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Code Called ‘Shockingly Complicated’

The U.S. tax code has become so complex that the paperwork burden generated by the Treasury Department — almost all of it from the Internal Revenue Service — now totals a mind-boggling 6.7 billion hours.

That is the equivalent of about 3.35 million employees working 40-hour weeks year-round with just two weeks off, according to a new report from the National Taxpayers Union — released, fittingly enough, on April 15. That’s double the number of elementary school teachers and 10 times the number of mail carriers.

Those 6.7 billion hours, when calculated with the average employer cost for civilian workers, add up to $206 billion. Another $34 billion is spent on tax software, tax preparers, postage, and other out-of-pocket costs, bringing the total cost to about $240 billion a year.

That figure doesn’t even include the hours taxpayers spend on state and local taxes or responding to IRS audits.

“A review of past years’ tax documents compared to today’s forms and instructions reveals just how shockingly complicated taxes have become,” observes David Keating, senior counselor for the 362,000-member National Taxpayers Union, a nonprofit, nonpartisan organization founded in 1969.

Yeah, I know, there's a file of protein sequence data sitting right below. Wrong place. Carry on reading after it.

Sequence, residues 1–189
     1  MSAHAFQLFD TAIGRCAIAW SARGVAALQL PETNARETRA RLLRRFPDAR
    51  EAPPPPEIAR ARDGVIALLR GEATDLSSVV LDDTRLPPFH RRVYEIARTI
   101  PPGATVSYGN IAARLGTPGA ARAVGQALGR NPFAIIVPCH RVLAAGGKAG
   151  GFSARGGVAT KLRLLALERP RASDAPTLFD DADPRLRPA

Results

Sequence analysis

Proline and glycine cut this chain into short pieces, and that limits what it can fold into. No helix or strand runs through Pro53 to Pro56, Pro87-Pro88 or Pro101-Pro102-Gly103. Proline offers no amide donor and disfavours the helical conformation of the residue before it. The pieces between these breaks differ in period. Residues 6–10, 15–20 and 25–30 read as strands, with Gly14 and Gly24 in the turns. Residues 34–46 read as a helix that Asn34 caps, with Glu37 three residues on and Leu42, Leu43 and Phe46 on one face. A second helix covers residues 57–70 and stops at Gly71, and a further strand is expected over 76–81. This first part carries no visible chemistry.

Other eye-opening facts uncovered in the report include:

  • The most recently published tax code had 3.95 million words — 112,000 more than in 2010.
  • In addition, there are 20 volumes of regulations containing 10.4 million words.
  • Since 2001, there have been about 4,680 changes to the tax code, an average of more than one a day.
  • In 1935, the instruction booklet for Form 1040 contained just two pages. In 2012, it had 214 pages.
  • The IRS now lists more than 2,000 publications, forms, and instructions for download from its website, up from 1,770 as recently as 2009.
  • Corporate tax returns can be massive. For example, the returns that GE filed in recent years contained more than 24,000 pages.
  • The average fee charged by H&R Block to prepare a return was $192 last year — up from $27 in 1980.

“While the 1998 IRS Restructuring and Reform Act requires Congress to at least consider complexity before passing tax legislation, that has not provided enough incentive for lawmakers to avoid additional complexity or encourage simplification,” Keating says.

“Fundamental overhaul of our tax system remains a national priority.” Dated 04/28/13.